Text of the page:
22 March to 9 June 2013
Advance purchase is recommended
<exchanging gazes> 5: Interior Scenes. Women and Daily Life.
New Display of the Collections
From 26 February to 10 June 2013
Pieter de Hooch was born in Rotterdam in 1629. According to the biographer of Dutch painters, Arnold Houbraken, he trained with the landscape painter Nicolaes Berchem, although that master’s style is not evident in his early work. De Hooch’s early scenes of taverns and soldiers are painted with strong contrasts of light and reflect the style of Ludolf de Jongh, an artist active in De Hooch’s native city. Among his first known works is The Backgammon layers (National Gallery of Ireland, Dublin)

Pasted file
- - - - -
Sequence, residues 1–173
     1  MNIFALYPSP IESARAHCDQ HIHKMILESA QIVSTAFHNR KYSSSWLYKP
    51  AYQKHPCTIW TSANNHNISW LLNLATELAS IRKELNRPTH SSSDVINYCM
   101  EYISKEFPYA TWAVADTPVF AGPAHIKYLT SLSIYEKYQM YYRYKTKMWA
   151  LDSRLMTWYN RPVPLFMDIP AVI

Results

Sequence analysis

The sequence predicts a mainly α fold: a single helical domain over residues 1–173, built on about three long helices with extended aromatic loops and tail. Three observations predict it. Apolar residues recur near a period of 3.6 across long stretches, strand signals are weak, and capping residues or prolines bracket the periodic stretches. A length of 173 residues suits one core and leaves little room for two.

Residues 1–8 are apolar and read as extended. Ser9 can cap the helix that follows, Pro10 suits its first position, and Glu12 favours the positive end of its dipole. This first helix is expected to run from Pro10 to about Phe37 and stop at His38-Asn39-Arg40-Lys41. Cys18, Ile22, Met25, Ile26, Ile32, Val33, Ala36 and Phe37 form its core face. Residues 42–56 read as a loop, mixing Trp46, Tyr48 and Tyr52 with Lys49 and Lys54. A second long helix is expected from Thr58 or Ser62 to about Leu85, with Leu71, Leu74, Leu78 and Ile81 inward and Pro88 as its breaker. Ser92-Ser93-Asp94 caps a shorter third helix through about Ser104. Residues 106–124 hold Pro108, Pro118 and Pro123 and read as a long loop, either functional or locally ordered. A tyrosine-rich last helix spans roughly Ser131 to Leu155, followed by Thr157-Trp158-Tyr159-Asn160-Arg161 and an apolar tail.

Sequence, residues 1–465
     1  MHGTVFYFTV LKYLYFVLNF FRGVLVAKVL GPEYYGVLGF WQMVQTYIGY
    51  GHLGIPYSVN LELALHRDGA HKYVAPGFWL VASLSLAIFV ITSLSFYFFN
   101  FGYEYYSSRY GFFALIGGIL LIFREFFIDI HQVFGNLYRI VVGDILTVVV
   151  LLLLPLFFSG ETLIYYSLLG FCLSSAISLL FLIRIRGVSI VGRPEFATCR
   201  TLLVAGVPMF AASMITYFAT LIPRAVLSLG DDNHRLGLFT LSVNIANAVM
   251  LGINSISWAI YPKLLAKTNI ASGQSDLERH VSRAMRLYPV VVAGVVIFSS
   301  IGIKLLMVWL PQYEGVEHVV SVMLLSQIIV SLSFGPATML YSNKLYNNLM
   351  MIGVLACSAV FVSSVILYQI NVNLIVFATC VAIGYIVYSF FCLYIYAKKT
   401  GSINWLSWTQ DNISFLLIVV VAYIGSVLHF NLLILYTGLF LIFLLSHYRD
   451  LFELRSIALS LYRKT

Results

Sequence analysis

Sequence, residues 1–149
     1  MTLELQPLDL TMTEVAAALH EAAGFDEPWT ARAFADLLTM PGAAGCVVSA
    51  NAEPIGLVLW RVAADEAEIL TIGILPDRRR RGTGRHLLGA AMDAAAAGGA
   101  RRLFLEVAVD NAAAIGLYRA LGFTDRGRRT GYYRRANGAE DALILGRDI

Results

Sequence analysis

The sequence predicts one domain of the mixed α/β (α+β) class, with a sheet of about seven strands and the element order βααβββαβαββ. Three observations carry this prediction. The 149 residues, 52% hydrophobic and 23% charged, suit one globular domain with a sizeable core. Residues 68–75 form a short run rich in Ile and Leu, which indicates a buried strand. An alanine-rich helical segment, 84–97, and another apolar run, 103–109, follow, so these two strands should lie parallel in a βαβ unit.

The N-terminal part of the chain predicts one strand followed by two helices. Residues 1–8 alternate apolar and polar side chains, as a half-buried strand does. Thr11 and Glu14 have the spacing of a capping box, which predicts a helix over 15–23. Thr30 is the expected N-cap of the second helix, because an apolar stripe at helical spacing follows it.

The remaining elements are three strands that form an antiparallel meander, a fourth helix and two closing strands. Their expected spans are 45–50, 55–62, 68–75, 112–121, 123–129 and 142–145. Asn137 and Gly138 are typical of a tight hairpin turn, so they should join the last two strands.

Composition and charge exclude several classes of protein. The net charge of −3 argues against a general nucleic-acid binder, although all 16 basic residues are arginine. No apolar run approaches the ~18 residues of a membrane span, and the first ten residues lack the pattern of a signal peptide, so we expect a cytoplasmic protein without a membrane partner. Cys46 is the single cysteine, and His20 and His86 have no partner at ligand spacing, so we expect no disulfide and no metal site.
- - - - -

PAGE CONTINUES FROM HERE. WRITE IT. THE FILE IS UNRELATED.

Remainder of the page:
In. 1652 De Hooch is documented in Delft where he married the sister of his friend the painter Hendrick van der Burch and where he produced his most important and best paintings. In 1653 the artist is documented as a painter and employee of Justus de la Grange, an art dealer who lived in Delft and Leiden. In 1655 and 1657 his name appears in the painters’ guild of Saint Luke in Delft. During this period De Hooch modified his subject-matter and focused on domestic scenes of middle-class interiors including a series of masterpieces such as The Pantry (Rijksmuseum, Amsterdam), Servant and young Boy in a Courtyard (National Gallery, London), and Man smoking and Woman drinking in a Courtyard (Mauritshuis, The Hague). Around 1660 De Hooch moved to Amsterdam where he is documented in 1661 and 1672. During this period his style became more descriptive and he set his scenes in luxurious settings with a wealth of decorative elements. These works, however, lack the subtlety of his Delft phase. At the end of his career, influenced by the new taste for French art and culture, De Hooch began to locate his figures in the marble rooms of the new Amsterdam Town Hall, which offered more opportunity for grandiose settings than his previous bourgeois interiors. Dating from his Amsterdam period are The Clothes Cupboard (Rijksmuseum, Amsterdam), and The Minuet (Statens Museum for Kunst, Copenhagen). De Hooch died in a hospice in 1684. He was one of the finest of the Dutch genre painters and his work has always been associated with the city of Delft where he produced his best paintings. De Hooch had no documented pupils but his work exercised a notable influence on contemporary painters including Pieter Janssens Elinga, Jacobus Vrel and Esaias Bourse.